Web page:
Lourdes Agyemang, a freshman triple major in public policy, political science and public health, regularly participates in her class discussions on global politics. However, she expressed that she was hesitant to converse with her friends about such a “complicated issue” before attending Bokhari’s talk. 

“I feel like [the conflict] has been relevant on campus and in my classes,” Agyemang said. “Most of my friends from home share the same political beliefs as me, so we have been having discussions about it. I have not talked about it with my friends on campus, though, because we are newer, and we don’t really know each other as well yet.” 

Senior Sean Taggart, on the other hand, takes on the role of political correspondent within his friend group on campus. By attending Bokhari’s lecture, Taggart feels more confident to inform his friends, who are less familiar with international politics, on the topic. 

“Before you jump in and share your opinion on certain issues, it is important you do your homework,” Taggart said. “Take the opportunity of being here at UD to get your information from good sources.”

Both Agyemang and Taggart shared that Bokhari’s presentation was successful at bridging the gaps in their knowledge of the crisis. Additionally, they found that the conflict was more “complex” than they realized and expressed that they intend to learn more. 

This is exactly what Bokhari had hoped for.

“Maintain constant situational awareness,” Bokhari advised the audience. “Read. I know time is limited, especially for students in university, but to read and to write, have a diverse set of sources from where you get your information and debate. 

“Do not take anything for granted. Ask questions. It should be a lifelong endeavor. Today it is this conflict, tomorrow there is going to be something else.”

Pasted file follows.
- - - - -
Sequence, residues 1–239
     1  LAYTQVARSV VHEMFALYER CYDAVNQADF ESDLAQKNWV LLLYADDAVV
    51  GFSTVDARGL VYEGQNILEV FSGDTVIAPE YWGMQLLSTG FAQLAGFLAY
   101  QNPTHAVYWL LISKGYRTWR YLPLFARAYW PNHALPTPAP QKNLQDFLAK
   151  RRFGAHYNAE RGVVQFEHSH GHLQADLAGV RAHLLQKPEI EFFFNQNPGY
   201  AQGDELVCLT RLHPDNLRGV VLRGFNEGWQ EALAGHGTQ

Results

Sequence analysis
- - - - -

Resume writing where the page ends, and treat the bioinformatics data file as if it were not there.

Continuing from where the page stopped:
Across the country, college campuses have observed a rise in anti-Arab and antisemitic hate speech amid the Israel-Hamas war. Despite this fearful reality, Bokhari shared that there were no reservations in the planning of the lecture. Bokhari explained that the presentation was intentionally prepared in a way meant to combat the spread of hate and misinformation with unbiased education. 

That being said, to ensure student safety, two university police officers were present in Trabant Theater throughout the duration of the presentation. In addition, political signs and posters were not permitted at the event. 

“The more you will be informed, the more likely it is that you will be able to understand where the other person is coming from,” Bokhari said. “That really is helpful for the health of our democracy and for social harmony. 

“The only way to move beyond this current state of affairs we find ourselves in nationally and internationally is to know as much as possible and use that knowledge to better yourself and to better others.”

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1 COMMENT

  1. “The Biden Institute event was organized in less than a week following the unprecedented surge of violence between Hamas-led Palestinian militant groups and Israeli military forces on Oct. 7.”

    That is not a valid description of what happened on October 7. Shameful.